Breath. Heart. Spirit. is the theme of the Ontario Society of Artists 2022 anniversary year as we celebrate 150 years of artistic practice.
In this members’ exhibition, Conversations, artists were invited to research the rich legacy of our members from 1872 onwards. They were asked to dialogue with artists of the past or contemporary members whose works spark resonance or difference in relation to their own practice. Artists were challenged to interrogate, transform, reformulate, and relate to works by other OSA artists.
Conversations require breath, heart, and spirit. The heart listens, the spirit learns, and breath supports life. Ideas pass from artist to artist, permeating culture and vice versa. We share and learn.
Connections abound through time between our current artist members and the rich legacy of the past. Some members are second generation OSA, while others are students of past notable artists and teachers. Family connections are interwoven, with Percy James Robinson discovered as a great-uncle of Sue Ennis. Cheryl Bailey’s research investigated Thomas Mower Martin, who gave her grandfather a painting as a wedding present in 1910.
In Sue Gamble’s Unmarked, we see Mount Paul (also rendered by A.Y. Jackson) with a flight of 215 orange butterflies to symbolize the unmarked graves of Indigenous children.
Dominique Prevost was attracted by the textures of Helen Frances Gregor’s weaving, her colour shifts, horizon lines, and the way she draped and folded her material. Dominique chose to work in three dimensions in Japanese paper, her signature material.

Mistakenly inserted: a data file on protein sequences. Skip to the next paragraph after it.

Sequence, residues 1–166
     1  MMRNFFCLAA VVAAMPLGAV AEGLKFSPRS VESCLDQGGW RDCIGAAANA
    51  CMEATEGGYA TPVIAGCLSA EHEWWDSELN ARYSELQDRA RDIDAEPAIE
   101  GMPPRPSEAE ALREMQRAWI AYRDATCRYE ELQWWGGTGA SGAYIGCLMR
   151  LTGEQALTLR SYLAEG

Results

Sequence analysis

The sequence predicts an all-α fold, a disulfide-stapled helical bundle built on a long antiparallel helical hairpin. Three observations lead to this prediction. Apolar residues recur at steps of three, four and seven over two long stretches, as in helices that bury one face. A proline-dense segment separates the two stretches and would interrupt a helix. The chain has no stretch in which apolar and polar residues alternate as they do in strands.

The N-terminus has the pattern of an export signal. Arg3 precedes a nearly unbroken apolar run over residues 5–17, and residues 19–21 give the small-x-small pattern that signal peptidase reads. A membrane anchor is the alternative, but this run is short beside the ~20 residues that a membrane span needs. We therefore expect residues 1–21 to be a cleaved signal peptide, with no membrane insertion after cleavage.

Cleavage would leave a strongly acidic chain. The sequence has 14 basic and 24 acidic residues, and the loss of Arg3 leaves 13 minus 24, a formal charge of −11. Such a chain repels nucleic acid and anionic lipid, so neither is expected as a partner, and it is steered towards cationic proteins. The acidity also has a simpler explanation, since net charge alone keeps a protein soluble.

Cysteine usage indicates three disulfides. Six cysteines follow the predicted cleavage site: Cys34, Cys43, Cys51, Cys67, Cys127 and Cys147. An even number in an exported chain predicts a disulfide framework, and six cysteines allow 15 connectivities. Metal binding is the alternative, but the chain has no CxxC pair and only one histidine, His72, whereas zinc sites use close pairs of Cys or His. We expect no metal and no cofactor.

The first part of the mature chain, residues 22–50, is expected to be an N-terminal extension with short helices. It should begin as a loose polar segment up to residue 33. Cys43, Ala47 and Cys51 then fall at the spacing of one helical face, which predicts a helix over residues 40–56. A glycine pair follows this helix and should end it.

The Canary Restaurant, is a revisiting of Frederick Hagan’s subject matter from 1938 by his student, Kim Atkins. The city has changed and the diner still exists in an entirely different urban context.
Banff, Tom Ashbourne’s sculpture, is made with re-purposed steel plow blades, re-creating a mountain landscape painting by A.Y. Jackson.
Linda Finn was inspired to use cast paper, celebrating growth as Renewal, in her dialogue with Dora de Pédery-Hunt, a Hungarian immigrant renowned for her cast metal work in medallions in the 1960’s.
OSA works are found throughout Canada in public collections. Our anniversary publication, Breath. Heart. Spirit. The OSA 150 Years. reproduces works from the National Gallery, Robert McLaughlin, Hamilton, Winnipeg, Vancouver, and Homer Watson galleries as well as the Canadian War Museum collection, and Museum London. The Ontario Government Art Collection holds many contemporary OSA artists’ works as well as the rich collection of purchases inaugurated with the OSA’s first exhibition in 1872.
Janet Read, OSA Chair: Conversations
Excerpt from the OSA 150th Anniversary Catalogue